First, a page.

Discovering information about historic specimens can be a difficult task. Access to historic literature is essential to successful investigations, and thus, Gouraud has found BHL an invaluable ally in his hunt for information.

“BHL is such a great, impressive and useful tool,” lauds Gouraud. “As I am not working in an institution with access to huge libraries, BHL has made possible what I have achieved so far. I don’t know if my work would have been possible without BHL, but for sure it is unbelievable the time that can be saved.”

Gouraud uses BHL to search for the original descriptions of bird species (most of which were described in the 18th and 19th centuries), to locate accounts of early voyages of exploration and discovery (during which many of the specimens he researchers were collected), and to explore references cited by the authors of the publications he consults for his research. When working on the history of a collection, he consults BHL daily, exploring multiple documents during each visit.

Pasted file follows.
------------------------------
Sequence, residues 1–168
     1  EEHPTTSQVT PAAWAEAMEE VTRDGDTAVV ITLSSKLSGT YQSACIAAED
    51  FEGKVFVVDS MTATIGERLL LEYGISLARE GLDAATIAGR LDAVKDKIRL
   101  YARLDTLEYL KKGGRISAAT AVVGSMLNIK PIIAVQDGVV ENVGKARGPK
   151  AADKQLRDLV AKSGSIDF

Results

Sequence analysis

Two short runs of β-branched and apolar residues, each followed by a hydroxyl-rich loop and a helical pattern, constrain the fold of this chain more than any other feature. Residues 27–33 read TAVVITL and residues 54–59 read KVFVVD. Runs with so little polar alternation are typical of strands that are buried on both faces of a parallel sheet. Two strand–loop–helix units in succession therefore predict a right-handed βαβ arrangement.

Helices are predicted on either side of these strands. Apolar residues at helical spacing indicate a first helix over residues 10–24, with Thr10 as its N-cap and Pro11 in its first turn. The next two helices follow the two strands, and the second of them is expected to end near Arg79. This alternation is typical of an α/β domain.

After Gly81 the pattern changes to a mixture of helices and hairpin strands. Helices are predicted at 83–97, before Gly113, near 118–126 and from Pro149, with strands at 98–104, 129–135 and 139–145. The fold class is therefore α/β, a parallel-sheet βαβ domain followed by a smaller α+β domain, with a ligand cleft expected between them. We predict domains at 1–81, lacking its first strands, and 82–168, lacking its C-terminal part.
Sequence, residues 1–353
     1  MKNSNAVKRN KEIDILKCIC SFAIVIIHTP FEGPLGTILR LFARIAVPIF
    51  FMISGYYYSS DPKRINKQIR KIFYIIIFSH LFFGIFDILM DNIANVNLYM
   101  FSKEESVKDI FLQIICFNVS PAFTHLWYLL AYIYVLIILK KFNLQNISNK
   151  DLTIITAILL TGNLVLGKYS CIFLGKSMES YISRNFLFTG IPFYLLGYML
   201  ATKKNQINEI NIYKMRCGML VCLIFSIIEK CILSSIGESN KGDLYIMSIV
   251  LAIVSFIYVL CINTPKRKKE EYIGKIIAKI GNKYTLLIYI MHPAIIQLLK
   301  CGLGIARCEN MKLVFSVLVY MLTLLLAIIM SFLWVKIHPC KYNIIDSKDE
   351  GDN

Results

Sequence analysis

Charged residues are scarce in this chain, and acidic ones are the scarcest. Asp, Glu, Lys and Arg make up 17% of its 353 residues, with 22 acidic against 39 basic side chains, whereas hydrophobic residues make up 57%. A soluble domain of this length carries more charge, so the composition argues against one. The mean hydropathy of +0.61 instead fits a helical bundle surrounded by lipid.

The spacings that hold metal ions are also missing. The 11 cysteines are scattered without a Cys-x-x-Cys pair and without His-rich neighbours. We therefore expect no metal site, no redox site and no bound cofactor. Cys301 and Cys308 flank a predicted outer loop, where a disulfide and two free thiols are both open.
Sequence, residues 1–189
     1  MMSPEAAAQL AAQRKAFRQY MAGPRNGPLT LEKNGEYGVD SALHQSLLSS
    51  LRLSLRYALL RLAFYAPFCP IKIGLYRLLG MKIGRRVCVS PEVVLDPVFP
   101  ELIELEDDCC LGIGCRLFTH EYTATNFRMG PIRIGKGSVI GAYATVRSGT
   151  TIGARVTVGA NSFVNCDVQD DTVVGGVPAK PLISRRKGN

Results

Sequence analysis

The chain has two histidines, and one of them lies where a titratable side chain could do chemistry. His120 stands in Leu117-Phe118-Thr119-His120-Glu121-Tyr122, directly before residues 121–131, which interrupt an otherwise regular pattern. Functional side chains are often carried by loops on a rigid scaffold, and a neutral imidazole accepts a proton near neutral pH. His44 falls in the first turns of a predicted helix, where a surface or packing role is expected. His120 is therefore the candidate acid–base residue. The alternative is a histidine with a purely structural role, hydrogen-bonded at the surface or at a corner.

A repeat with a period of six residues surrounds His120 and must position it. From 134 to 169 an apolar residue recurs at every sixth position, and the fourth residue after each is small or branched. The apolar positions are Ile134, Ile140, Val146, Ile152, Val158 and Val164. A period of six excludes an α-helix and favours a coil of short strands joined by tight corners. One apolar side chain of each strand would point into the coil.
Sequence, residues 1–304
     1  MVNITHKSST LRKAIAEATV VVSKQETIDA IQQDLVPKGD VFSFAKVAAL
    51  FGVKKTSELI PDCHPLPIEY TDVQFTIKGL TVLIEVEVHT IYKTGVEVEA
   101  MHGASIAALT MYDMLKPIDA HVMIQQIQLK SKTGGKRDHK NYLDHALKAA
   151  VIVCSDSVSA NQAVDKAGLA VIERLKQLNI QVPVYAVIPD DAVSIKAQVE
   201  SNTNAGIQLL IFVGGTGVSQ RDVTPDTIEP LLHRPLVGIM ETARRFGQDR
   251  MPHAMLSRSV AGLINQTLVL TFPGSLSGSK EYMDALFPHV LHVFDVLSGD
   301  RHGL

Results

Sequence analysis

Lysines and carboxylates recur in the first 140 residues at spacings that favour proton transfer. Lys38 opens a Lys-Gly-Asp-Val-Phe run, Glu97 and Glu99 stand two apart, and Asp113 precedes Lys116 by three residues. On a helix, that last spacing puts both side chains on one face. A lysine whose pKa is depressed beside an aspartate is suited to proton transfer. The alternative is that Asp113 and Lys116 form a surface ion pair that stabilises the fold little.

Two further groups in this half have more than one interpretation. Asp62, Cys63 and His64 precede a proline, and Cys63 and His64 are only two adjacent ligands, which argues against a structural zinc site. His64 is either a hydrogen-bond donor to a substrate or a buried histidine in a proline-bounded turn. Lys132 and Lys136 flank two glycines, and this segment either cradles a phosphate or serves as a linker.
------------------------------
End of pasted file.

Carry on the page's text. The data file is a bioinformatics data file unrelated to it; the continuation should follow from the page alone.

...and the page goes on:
“In a few clicks, you can access, read and download (for free!!!) most of the documents you need,” exclaims Gouraud. “All that is needed is a good Internet connection. Through BHL, I can easily access so many old and rare books deposited in just a few institutions worldwide while simply sitting at home drinking a good coffee!”